Bo Forbes Exactly. At the same time, I was recognizing that therapy addresses the mind and the emotions but leaves out the physical body altogether— and, in most cases, it bypasses the soul or spirit. In classical psychotherapy, intuition, for example, is considered countertransference, or the therapist’s own “stuff.” But I began to explore the use of intuition and the incorporation of the soul into psychotherapy, which clients really appreciated and responded to. I also began to investigate other methods of healing, which inaugurated a personal journey that eventually led me to yoga. And the yoga bug really bit me.
KOL I know exactly what you mean. How was it for you?
Bo Forbes Mainly, it spoke to all levels of someone’s being. But it didn’t occur to me that yoga and psychotherapy could be combined professionally. I thought I had to choose one or the other. Eventually, I reduced my private practice and committed to the study of yoga, not knowing where it would lead.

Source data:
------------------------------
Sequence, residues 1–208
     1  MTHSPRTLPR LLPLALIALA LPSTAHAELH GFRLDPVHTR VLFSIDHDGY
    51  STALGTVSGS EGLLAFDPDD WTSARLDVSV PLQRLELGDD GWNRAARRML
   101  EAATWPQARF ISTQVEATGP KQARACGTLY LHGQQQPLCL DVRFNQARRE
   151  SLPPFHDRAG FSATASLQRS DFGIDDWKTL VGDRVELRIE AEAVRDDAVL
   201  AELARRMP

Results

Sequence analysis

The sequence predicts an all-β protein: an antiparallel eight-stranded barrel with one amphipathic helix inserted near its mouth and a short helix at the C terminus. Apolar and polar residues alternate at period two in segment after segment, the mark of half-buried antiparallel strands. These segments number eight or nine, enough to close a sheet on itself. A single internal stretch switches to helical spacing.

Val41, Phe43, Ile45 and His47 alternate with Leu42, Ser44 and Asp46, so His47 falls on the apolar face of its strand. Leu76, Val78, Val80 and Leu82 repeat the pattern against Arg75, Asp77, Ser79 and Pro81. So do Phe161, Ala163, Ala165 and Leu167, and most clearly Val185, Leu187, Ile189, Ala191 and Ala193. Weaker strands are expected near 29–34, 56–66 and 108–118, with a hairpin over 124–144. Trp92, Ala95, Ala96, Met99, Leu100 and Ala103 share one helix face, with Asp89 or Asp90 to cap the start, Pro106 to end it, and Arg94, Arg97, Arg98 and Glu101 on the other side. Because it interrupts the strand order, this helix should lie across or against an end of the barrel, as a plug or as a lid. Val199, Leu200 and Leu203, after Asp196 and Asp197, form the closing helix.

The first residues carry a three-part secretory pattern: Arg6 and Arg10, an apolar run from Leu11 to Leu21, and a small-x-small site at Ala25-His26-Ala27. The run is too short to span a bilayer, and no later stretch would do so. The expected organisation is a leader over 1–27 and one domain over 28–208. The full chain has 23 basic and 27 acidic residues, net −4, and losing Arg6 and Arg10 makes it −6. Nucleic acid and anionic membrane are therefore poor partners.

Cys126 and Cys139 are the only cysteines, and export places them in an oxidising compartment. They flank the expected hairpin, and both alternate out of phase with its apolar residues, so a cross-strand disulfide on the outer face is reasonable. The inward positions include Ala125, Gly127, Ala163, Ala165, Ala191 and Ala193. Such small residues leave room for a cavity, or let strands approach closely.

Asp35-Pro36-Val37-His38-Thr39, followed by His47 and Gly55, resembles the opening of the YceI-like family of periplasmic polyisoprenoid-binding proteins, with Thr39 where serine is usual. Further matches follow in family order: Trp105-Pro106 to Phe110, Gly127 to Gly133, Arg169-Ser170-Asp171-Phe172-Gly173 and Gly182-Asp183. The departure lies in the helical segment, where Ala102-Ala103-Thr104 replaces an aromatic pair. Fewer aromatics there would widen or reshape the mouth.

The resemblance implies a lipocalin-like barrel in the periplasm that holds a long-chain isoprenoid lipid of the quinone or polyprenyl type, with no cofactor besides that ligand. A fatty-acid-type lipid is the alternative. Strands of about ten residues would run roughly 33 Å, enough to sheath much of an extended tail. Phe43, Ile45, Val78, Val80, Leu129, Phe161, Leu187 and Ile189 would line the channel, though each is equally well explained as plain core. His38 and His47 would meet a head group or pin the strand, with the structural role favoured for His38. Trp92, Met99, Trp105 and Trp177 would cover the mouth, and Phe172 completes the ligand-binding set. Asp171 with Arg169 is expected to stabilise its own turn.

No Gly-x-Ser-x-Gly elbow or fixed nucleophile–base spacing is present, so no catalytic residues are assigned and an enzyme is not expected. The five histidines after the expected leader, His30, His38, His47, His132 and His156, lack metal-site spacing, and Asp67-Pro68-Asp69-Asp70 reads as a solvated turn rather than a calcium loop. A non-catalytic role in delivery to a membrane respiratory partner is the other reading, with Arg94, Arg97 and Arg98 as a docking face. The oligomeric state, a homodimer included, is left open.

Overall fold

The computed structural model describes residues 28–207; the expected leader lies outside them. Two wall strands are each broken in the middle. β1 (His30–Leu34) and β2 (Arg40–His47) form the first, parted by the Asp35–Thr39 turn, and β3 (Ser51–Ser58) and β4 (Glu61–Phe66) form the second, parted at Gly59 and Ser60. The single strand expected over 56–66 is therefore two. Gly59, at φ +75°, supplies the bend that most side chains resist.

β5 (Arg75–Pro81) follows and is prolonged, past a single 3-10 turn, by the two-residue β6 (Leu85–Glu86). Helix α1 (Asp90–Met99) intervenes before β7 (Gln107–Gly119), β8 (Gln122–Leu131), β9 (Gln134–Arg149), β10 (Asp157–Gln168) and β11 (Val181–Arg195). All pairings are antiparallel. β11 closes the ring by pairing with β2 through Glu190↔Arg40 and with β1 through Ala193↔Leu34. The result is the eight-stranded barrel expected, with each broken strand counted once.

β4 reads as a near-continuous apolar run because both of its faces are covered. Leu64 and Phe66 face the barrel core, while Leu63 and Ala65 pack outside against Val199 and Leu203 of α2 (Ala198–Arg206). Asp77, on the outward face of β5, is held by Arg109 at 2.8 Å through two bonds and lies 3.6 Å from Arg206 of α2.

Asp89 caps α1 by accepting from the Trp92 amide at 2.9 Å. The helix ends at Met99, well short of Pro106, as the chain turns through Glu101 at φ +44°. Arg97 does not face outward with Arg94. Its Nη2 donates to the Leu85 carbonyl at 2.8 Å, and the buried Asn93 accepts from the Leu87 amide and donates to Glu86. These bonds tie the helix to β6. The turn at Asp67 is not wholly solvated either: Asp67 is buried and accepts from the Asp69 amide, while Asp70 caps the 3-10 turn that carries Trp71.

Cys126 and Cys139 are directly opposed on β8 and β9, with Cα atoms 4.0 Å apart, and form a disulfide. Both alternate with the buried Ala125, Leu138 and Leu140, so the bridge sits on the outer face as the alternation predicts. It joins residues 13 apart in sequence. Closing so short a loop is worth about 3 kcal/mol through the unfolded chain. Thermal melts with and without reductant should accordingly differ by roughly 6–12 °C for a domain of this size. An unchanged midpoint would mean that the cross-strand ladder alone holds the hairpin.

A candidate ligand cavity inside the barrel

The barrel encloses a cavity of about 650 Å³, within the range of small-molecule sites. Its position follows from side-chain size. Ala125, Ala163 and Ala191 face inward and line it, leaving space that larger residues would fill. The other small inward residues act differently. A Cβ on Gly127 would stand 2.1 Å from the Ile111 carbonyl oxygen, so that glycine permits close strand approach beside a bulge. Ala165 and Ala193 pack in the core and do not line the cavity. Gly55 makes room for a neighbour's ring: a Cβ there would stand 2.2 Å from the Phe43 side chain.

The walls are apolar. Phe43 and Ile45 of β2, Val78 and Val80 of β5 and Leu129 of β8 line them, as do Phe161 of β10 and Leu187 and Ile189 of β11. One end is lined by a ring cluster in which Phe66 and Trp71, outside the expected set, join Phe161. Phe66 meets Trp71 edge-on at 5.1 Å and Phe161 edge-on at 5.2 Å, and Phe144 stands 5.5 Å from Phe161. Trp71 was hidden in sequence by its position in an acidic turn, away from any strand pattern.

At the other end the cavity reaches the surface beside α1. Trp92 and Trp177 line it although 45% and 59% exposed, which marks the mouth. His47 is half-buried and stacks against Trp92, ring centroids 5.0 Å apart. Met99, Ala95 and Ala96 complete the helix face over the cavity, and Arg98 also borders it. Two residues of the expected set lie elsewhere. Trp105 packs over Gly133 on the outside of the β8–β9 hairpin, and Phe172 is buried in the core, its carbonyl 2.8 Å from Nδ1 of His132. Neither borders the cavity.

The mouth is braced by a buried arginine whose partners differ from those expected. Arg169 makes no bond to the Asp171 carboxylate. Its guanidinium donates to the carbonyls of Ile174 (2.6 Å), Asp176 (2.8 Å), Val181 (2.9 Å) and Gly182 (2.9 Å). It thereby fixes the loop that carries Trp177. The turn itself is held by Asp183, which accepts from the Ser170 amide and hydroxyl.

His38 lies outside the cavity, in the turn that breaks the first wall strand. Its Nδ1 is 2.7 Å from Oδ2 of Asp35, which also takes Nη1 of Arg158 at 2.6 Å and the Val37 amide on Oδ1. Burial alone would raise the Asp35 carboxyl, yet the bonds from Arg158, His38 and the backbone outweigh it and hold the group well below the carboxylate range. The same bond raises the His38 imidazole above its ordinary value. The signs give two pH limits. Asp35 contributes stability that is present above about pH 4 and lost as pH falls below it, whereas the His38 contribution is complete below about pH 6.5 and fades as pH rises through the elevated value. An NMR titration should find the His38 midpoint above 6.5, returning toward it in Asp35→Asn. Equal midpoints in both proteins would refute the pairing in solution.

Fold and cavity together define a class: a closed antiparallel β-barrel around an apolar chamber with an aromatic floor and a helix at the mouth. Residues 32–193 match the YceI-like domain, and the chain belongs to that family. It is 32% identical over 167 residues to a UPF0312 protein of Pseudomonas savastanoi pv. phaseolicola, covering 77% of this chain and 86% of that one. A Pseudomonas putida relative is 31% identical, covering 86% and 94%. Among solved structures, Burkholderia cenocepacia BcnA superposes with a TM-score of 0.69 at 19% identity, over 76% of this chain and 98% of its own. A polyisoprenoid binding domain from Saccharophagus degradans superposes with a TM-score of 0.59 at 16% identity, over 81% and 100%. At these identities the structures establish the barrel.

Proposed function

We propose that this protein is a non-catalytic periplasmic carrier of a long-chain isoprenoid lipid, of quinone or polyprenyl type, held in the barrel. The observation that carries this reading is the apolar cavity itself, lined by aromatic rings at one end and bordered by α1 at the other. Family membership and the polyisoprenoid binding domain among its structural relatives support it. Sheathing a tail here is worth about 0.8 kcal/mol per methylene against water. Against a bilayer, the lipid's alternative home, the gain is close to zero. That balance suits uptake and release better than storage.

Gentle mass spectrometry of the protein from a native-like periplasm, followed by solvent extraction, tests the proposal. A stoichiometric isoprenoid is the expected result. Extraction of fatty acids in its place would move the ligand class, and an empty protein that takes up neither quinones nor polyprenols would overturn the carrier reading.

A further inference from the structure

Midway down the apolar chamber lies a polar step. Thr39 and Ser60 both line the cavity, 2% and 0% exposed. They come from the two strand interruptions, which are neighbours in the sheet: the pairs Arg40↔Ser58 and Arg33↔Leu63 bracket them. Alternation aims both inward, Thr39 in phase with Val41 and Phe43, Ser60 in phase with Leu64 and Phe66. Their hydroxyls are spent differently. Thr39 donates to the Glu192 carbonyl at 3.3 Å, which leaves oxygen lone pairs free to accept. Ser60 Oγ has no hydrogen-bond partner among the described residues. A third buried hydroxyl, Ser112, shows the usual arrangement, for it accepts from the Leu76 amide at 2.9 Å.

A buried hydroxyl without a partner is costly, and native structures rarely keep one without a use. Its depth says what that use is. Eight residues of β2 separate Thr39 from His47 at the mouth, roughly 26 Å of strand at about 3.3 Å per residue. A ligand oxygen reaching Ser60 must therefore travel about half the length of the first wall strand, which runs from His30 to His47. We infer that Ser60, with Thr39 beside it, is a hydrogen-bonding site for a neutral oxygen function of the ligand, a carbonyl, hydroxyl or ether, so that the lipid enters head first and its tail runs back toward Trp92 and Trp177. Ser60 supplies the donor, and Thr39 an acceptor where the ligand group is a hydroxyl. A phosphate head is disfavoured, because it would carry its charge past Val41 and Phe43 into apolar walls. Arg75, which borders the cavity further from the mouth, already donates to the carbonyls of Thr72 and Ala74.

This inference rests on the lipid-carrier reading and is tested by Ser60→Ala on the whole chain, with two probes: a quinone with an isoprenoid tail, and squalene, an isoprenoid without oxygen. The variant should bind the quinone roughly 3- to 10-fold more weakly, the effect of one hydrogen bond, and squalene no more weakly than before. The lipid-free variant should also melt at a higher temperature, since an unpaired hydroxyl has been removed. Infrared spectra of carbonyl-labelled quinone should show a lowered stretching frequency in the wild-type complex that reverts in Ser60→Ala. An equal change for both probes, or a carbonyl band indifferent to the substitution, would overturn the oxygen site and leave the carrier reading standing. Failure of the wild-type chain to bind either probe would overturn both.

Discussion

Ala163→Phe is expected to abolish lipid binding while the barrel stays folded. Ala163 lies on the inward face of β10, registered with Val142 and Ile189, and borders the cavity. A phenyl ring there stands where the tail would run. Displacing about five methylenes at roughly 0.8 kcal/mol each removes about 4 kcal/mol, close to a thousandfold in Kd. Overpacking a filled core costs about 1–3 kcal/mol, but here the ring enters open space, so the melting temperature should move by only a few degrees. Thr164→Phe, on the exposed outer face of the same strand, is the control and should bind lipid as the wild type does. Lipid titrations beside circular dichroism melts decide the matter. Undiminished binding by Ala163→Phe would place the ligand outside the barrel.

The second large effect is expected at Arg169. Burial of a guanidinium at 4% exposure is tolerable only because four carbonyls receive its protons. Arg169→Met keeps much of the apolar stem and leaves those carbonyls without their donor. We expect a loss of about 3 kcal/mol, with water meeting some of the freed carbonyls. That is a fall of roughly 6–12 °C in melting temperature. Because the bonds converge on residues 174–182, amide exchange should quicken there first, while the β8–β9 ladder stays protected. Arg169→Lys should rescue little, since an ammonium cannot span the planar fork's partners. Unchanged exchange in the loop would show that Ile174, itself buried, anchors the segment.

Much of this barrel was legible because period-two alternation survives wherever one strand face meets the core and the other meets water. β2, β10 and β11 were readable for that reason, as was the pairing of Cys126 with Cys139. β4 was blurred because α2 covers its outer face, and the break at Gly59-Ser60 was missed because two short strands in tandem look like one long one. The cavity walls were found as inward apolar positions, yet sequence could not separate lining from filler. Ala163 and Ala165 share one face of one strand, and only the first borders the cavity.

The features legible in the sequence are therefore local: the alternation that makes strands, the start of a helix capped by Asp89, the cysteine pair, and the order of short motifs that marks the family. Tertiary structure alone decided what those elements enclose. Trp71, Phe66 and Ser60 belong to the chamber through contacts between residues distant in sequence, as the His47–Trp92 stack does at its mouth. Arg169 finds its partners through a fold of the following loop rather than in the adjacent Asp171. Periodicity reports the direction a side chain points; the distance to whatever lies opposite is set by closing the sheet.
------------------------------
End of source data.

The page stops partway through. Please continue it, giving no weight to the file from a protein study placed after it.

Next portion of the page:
KOL So what happened next?
Bo Forbes A few clients wound up changing the course of things. These were holistically minded people who took yoga classes but who had high levels of anxiety, to the point where their physicians recommended medication. So they came to me and asked if I would work with them individually, using yoga, to see if they could avoid the medication.
I said “yes,” and in private sessions, we worked at first on postures and alignment and slow Sun Salutations, and then we would end each session in a restorative posture. And after a couple of restorative poses, their breathing would slow down, and there was a palpable feeling of relaxation. Over time, the effects were so dramatically positive that we began to increase the time spent in the restorative poses. And the clients reported feeling better—less anxiety, better quality of sleep—experiencing improvements in primary relationships, and other benefits.